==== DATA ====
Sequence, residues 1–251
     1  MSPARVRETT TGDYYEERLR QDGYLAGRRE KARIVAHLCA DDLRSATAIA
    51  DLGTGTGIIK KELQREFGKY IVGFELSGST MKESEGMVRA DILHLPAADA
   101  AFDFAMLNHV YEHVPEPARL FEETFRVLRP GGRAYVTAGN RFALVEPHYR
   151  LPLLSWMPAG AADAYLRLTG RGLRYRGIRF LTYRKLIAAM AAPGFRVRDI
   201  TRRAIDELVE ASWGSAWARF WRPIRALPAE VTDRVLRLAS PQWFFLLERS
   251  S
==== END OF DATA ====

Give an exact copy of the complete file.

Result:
Sequence, residues 1–251
     1  MSPARVRETT TGDYYEERLR QDGYLAGRRE KARIVAHLCA DDLRSATAIA
    51  DLGTGTGIIK KELQREFGKY IVGFELSGST MKESEGMVRA DILHLPAADA
   101  AFDFAMLNHV YEHVPEPARL FEETFRVLRP GGRAYVTAGN RFALVEPHYR
   151  LPLLSWMPAG AADAYLRLTG RGLRYRGIRF LTYRKLIAAM AAPGFRVRDI
   201  TRRAIDELVE ASWGSAWARF WRPIRALPAE VTDRVLRLAS PQWFFLLERS
   251  S